There are many perks to working in an undergraduate lab. You get to make great networking connections, work on different projects, and be a part of cutting edge research. I had a great project that worked on bone-marrow derived stem cells (MSCs) that we successfully differentiated into endothelial cells (ECs). This was very exciting for me to be a part of as it was my first year working in a lab, outside of the long hours of lab duty you're assigned to as a biology major. Nevertheless the technique that we used was a nice blend of old practices mixed with some new ideas.

To differentiate our MSCs we used growth factors like FGF, EGF and VEGF to coax them along the path of turning into endothelial cells. They also were plated with different combinations of basal lamina components to assist them in their transition. We had previously differentiated MSCs in vivo with the help of all of the cross-talk between the cells. However, this is what made our task interesting to me. Our goal was to try to determine the key players that were working within the body to differentiate stem cells to whatever cell type was needed, in our case endothelial cells. So after we decided on the components we wanted to test on the cells, we had to decide which model to use: suspension or coating. If you've ever seen the hashtag #overlyhonestmethods, then I think this would fall nicely into that category. We were trying for the suspension model, but since the gel didn't quite set-up we had a “trap” model. This is basically to say we trapped our cells somewhere between the plate and our newly created network. Nevertheless this “new technique” seemed to work out great as our cells differentiated nicely into ECs. This was tested via X-gal staining with a lovely blue to show we had positive cells.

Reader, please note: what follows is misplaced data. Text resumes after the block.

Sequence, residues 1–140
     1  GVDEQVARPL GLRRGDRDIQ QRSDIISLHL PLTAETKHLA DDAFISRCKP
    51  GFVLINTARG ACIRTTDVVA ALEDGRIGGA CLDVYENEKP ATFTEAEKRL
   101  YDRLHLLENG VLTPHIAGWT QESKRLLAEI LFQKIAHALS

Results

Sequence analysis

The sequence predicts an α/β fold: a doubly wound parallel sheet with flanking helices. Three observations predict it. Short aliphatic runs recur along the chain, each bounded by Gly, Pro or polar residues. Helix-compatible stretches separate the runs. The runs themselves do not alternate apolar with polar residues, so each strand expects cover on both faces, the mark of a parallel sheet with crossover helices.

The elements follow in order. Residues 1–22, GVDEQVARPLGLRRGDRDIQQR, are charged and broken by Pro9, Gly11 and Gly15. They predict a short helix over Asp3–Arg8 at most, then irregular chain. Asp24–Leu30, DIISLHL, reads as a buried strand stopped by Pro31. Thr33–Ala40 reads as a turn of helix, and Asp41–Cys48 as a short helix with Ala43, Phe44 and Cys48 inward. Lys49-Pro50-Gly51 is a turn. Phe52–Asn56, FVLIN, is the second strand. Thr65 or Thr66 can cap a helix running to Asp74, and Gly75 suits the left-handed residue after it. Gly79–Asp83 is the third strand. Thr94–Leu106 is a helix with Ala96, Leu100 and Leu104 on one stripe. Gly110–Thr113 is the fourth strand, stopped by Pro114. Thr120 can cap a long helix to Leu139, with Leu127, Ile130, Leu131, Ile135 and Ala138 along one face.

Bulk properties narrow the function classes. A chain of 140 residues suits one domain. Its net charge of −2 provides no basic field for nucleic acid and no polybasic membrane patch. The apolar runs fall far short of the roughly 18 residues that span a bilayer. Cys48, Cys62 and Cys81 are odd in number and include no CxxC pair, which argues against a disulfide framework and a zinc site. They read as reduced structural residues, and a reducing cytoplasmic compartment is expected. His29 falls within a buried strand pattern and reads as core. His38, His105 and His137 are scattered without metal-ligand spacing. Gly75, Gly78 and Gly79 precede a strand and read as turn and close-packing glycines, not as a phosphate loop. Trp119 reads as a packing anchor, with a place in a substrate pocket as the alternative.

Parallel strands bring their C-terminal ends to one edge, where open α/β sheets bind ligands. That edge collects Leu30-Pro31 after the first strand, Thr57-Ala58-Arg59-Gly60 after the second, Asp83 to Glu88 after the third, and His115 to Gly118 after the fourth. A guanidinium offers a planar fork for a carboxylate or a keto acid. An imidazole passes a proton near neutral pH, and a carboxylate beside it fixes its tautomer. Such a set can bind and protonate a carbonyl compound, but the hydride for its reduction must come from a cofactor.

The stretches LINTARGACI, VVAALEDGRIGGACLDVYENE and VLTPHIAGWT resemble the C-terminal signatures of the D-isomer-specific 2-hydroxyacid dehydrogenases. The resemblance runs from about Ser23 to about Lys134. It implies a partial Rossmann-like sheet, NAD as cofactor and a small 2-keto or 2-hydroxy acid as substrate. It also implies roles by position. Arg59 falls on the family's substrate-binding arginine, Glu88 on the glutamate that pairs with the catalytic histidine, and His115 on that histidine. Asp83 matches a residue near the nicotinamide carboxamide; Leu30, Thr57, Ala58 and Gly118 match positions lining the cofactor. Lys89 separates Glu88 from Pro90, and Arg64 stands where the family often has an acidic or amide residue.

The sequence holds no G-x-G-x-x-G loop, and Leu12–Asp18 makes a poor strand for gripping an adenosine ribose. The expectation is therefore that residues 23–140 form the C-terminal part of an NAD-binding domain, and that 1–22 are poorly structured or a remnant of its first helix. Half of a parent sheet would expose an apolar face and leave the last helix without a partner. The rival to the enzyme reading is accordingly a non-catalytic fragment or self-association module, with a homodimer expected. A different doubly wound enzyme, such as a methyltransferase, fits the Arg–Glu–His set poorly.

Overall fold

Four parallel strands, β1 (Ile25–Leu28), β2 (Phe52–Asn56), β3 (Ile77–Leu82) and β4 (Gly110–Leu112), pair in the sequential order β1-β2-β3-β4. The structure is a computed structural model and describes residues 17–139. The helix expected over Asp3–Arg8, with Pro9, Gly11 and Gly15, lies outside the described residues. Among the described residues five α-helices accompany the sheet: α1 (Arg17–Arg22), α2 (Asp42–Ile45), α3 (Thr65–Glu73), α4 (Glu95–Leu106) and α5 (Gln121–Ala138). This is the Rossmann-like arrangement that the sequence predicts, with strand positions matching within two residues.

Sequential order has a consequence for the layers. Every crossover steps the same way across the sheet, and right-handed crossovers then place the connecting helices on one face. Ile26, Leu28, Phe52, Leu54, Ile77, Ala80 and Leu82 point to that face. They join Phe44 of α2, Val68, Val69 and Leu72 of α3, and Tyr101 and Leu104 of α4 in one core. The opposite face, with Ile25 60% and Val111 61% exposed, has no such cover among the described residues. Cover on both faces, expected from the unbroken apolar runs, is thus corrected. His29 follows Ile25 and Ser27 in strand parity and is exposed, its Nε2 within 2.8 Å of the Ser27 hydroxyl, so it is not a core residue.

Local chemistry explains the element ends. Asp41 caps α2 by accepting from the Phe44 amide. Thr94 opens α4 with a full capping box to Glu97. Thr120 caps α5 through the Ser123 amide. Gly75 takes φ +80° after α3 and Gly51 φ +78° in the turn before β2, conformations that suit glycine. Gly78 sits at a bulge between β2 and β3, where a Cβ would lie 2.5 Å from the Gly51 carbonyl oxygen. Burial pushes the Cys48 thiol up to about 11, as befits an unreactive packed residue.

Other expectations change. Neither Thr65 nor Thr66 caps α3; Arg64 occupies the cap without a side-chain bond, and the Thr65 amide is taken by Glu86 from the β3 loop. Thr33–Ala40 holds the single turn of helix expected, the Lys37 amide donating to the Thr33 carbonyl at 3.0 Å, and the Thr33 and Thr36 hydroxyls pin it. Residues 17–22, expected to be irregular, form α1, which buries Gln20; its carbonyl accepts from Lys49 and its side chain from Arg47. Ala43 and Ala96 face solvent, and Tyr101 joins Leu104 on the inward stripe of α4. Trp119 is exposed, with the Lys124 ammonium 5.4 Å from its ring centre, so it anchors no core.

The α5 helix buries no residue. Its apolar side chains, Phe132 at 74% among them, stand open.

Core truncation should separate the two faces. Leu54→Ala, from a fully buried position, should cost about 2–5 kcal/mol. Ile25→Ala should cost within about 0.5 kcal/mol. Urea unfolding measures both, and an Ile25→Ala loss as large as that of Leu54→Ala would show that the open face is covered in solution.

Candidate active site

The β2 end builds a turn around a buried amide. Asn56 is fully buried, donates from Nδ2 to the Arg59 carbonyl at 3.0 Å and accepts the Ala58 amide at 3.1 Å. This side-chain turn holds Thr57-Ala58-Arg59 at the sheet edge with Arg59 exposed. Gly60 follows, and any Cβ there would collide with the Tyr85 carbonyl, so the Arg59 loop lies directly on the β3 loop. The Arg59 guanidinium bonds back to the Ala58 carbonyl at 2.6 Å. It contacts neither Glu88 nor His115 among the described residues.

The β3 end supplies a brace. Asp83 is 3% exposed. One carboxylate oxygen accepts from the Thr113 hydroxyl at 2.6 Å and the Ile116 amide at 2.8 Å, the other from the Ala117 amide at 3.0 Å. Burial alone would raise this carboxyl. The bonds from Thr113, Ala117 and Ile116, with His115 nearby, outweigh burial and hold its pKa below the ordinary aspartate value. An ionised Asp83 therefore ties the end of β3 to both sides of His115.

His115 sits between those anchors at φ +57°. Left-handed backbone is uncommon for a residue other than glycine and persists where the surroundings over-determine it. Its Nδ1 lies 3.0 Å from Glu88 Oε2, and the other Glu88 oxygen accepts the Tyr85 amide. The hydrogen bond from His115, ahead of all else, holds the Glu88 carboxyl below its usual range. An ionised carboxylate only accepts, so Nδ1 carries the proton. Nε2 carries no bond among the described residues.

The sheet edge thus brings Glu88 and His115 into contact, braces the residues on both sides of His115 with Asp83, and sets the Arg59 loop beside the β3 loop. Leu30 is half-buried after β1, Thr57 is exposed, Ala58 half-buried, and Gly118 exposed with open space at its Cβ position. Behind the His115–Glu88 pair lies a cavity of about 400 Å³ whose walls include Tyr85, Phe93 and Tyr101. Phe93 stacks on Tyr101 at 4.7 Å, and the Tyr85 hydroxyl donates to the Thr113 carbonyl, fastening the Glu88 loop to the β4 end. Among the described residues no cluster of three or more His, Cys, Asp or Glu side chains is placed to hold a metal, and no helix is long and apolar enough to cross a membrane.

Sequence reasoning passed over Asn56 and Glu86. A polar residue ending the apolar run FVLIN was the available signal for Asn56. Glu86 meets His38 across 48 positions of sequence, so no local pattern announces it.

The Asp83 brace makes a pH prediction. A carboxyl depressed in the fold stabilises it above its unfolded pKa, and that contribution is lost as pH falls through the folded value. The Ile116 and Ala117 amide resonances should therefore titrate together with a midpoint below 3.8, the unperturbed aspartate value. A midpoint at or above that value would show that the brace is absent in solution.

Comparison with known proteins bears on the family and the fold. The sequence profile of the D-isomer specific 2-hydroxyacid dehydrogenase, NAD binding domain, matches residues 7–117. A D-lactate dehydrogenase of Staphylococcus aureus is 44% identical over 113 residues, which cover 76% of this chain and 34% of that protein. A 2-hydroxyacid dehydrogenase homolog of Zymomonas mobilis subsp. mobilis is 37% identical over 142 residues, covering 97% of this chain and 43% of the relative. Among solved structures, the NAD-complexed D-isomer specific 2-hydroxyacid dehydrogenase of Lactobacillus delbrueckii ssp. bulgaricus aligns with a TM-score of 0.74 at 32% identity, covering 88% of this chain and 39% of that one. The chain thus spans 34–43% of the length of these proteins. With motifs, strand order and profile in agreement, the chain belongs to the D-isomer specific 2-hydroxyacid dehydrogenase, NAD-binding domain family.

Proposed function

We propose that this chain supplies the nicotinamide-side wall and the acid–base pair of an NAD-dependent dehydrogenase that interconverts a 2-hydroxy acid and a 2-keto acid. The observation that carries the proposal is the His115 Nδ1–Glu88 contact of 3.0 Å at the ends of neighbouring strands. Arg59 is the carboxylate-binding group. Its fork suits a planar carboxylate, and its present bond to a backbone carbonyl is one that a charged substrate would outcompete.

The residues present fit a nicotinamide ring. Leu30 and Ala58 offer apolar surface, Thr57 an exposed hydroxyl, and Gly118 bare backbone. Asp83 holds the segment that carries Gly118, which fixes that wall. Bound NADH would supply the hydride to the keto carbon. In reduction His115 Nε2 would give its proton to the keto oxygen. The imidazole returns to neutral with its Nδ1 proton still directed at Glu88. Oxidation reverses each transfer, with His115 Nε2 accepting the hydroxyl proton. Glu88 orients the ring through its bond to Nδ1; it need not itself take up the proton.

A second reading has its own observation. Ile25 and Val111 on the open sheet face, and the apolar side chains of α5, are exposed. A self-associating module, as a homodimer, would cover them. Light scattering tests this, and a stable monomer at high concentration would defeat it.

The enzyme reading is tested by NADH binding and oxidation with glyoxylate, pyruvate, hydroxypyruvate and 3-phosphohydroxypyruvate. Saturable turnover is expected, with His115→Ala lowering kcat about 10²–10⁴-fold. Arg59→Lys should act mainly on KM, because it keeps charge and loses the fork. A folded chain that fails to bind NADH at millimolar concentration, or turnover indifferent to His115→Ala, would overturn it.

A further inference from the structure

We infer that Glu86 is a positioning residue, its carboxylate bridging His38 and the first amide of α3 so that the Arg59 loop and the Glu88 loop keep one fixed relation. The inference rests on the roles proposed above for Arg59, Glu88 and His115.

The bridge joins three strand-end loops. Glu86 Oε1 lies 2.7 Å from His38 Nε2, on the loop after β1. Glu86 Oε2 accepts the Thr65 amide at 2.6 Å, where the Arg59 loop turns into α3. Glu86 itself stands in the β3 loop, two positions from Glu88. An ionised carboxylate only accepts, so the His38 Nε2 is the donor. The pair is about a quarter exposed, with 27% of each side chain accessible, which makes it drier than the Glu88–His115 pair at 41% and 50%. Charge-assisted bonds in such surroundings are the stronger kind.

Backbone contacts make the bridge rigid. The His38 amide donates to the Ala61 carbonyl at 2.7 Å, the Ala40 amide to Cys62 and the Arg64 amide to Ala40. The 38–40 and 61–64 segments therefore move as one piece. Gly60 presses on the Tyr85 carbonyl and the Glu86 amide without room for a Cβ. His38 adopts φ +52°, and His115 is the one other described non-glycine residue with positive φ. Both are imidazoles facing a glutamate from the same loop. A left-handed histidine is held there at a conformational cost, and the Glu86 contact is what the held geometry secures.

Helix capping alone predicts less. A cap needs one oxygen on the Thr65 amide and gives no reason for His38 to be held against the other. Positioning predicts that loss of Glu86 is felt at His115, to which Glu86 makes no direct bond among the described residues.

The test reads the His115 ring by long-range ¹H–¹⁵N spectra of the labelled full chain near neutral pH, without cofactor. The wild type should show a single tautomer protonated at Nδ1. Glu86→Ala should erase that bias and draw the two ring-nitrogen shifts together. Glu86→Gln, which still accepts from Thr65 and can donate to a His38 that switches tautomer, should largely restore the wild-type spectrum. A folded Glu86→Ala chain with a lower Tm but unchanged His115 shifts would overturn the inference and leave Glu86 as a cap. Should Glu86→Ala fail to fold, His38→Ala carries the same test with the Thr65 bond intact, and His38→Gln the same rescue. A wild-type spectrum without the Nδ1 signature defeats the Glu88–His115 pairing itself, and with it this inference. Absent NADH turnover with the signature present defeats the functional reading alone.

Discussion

However, our next goal was to implant the cells to see if they could actually form vasculature in the body. It was great that we had positive results, but if it couldn't translate into something therapeutically significant then the excitement would quickly diminish for me. The goal here was simply to see if their dual-nature of being part stem cell and part endothelial cell would allow them to hone in on the site of injury and also start the repair. So we needed an in vivo model to test out our new hypothesis. When looking at our options, we decided to use luciferin. Now, this is where my inner child/geek kind of exploded. As a kid I was fascinated with lightening bugs and their tiny little glowing bodies. I would run around catching them for hours, while trying to figure out how in the world they were able to glow without being plugged in. They apparently seemed to catch the eye of the scientific community as well, as we now use their glow in cell culture. You see, it was great to have positive cells, but we needed to watch their progression inside the body which is not possible with staining. Therefore the new goal was to transfect our differentiated MSCs with luciferase and watch their movement inside the body.

While there are other options to watch living cells, like RFP or GFP, with luciferin we did not need to use a special microscope to view the cells. This was an added bonus for me, since you had to have a key to get in to use the very expensive fluorescent microscope, and I did not. So again this left us with a great model for viewing our living cells, without having to hassle with scheduling for the microscope. The results are still pending, but it was definitely cool to get to work with one of my favorite childhood toys while still being a part of cutting edge research. I would say that makes for a great day any day.

Deanna Tiek
Vanderbilt Class of 2014
Deanna is an intern at Goldbio during the summer of 2013.

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